Arrived 5 the current situation is present have

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arrived ), (5) the current situation is present ( have arrived and not had arrived ). (1)-(4) coincide H and E are interchangeable may be considered text equivalents
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(2) Nida’s (1964) view on equivalence It is not the identity of situationally relevant features that is the main criterion for equivalence, but rather the identity of the receiver’s reaction 2 main types of equivalence: “formal equivalence” + “dynamic equivalence”
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Nida cont. Formal equivalence = if the translator attributes priority to the SL text , and tries to render the SL text as faithfully as possible, not only in its content but also in its form including (1) grammatical units, (2) consistency in word usage, (3) meanings in terms of the source context. to faithfully give back the grammatical units: (1) verbs are translated into verbs, and nouns into nouns, (2) the boundaries of the sentences remain unchanged, (3) punctuation, paragraphing, etc. also stay the same. E.g., classical text (Plato’s dialogues, to understand the essence of Plato’s philosophical system and to be able to follow the development of his terminology)
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Nida cont. Dynamic equivalence = “the closest natural equivalent” of the SL text to produce a “natural” translation, the translator has to bear in mind 3 important factors: (1) the receptor L and culture as a whole, adaptation on the level of (1.1) grammar: simple task, dictated by the structure of the L (1.2) lexicon: demanding task, may happen on 3 levels: (a) terms for which there are readily available parallels (e.g., river, tree, stone, knife , etc.) (b) terms which identify culturally different objects but with somewhat similar functions (e.g., book ) (c) terms which identify cultural specialities (e.g., synagogue, homer, cherubim ). (2) the context of the particular message (intonation, rhythm of sentences, style) (3) the receptor- L audience (translation should produce the same effect in the receptor L readers as the original piece did in the SL audience!)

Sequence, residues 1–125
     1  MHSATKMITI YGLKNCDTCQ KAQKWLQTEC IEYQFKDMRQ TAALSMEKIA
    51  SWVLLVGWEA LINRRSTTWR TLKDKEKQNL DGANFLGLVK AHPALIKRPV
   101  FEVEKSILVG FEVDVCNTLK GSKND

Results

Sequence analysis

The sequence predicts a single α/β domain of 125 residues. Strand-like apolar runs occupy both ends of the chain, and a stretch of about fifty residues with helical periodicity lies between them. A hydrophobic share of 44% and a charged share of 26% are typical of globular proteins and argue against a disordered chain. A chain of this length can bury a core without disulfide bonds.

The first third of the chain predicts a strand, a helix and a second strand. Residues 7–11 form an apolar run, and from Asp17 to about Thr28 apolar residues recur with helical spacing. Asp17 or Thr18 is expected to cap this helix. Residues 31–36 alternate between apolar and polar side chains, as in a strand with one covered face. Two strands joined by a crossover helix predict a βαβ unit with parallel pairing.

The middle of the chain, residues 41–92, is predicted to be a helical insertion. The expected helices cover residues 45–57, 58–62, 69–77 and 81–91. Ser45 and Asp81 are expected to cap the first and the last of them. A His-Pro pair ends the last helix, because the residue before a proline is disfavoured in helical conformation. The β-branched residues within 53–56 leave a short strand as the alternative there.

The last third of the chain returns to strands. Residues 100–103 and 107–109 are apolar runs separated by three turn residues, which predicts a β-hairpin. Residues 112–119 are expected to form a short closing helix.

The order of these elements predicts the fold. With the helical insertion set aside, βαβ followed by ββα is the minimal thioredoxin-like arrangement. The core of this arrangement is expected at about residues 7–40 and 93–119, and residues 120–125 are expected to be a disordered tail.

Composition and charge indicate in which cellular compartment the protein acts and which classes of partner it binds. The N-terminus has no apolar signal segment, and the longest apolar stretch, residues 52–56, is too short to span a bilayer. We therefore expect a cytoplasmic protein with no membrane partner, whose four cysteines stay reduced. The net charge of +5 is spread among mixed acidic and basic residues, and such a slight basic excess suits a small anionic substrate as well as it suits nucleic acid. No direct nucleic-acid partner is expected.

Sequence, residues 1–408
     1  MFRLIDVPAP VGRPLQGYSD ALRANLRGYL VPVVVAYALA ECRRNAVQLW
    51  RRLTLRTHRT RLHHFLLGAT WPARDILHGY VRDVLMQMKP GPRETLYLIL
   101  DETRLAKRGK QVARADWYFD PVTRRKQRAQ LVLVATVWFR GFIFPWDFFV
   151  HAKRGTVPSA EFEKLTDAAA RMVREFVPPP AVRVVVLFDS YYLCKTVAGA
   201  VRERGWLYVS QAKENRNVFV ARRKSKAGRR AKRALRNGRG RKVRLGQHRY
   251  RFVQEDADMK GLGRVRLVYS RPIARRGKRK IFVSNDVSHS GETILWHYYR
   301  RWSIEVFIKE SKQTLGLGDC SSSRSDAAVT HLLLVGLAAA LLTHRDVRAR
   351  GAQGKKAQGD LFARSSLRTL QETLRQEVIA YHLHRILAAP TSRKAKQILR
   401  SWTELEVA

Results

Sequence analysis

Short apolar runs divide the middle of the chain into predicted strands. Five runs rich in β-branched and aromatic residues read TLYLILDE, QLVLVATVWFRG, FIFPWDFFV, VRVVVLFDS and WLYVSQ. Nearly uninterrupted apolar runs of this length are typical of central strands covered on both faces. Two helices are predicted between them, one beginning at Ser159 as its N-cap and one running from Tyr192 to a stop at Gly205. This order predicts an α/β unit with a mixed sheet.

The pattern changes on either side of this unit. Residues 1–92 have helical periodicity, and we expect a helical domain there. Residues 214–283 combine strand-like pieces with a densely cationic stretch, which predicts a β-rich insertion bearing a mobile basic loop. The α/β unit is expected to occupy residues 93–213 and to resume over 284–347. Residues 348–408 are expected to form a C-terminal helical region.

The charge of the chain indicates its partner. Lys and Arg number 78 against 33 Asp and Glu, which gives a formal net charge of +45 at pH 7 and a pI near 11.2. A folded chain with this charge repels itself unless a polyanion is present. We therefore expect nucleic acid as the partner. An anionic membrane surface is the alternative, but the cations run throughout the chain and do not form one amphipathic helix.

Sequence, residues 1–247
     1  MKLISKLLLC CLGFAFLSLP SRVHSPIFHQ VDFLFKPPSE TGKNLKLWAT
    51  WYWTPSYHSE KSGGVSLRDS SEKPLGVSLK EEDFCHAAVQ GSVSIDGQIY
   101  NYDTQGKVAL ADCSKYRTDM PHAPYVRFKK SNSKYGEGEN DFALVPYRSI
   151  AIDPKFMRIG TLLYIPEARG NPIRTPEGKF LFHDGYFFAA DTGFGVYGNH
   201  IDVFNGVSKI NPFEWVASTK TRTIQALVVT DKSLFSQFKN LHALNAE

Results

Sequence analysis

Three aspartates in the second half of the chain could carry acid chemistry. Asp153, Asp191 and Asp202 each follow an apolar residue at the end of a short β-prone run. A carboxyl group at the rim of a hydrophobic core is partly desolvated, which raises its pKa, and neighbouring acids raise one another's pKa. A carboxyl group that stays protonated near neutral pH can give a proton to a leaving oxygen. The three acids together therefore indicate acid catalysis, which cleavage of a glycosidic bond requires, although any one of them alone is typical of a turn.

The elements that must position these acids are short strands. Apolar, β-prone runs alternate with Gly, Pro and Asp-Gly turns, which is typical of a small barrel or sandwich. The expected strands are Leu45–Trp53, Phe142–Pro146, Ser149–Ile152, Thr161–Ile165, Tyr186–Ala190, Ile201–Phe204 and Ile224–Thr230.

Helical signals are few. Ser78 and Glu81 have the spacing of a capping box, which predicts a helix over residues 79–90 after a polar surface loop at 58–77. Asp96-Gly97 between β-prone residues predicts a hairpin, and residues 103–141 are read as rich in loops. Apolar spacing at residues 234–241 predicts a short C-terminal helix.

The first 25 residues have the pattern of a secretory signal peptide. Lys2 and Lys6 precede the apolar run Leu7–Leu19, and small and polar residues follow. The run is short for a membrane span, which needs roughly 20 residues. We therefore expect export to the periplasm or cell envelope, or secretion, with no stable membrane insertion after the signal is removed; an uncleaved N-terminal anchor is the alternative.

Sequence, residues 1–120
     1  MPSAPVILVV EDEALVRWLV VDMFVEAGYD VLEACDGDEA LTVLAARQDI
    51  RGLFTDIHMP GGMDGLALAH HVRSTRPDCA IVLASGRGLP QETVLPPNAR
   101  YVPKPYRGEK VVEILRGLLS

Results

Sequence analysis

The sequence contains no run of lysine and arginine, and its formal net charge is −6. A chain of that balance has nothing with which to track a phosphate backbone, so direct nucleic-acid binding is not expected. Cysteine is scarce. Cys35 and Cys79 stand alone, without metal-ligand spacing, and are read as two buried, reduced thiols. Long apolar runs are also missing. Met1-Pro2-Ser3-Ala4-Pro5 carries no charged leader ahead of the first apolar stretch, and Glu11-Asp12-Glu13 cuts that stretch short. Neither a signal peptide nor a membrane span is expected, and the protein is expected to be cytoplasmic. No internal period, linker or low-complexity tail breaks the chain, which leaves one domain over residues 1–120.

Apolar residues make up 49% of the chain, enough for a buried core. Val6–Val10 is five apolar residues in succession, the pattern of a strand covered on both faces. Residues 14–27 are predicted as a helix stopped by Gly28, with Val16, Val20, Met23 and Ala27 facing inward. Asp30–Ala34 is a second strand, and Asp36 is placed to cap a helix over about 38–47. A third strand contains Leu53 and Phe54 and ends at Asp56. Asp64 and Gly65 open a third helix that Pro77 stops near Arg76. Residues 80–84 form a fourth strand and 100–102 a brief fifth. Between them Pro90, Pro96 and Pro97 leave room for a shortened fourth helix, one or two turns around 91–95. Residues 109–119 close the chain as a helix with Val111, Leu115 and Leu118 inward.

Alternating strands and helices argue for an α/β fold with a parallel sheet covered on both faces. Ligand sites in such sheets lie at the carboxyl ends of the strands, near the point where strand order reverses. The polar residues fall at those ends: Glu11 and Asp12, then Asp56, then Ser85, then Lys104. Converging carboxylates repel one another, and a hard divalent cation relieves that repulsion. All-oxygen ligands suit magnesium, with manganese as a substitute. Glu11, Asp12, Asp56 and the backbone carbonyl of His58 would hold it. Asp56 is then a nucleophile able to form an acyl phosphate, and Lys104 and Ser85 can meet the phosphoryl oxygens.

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(3) Some other views on equivalence German translation research (Kade, 1968) 4 types of equivalences: total equivalence : a SL unit has a permanent equivalent in the TL (e.g., terms, institutional names), optional equivalence : a given SL unit has several equivalents in the target language (e.g., in German: Spannung, in English: voltage, tension, suspense, stress, pressure ) approximate equivalence : the meaning of a SL unit is divided between two TL equivalents (e.g., German: Himmel , English: heaven/sky ), zero equivalence: the SL unit does not have a TL equivalent (e.g., realia)
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Some other views cont. Gert Jäger’s (1975) view: communicative equivalence: the “communicative value” of the original text does not change in translation functional equivalence: the “functional value” of the text is preserved (= the sum of the functions of linguistic signs, the sum of their meanings) -- can be described with the tools of Lics
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What should be preserved in translation?
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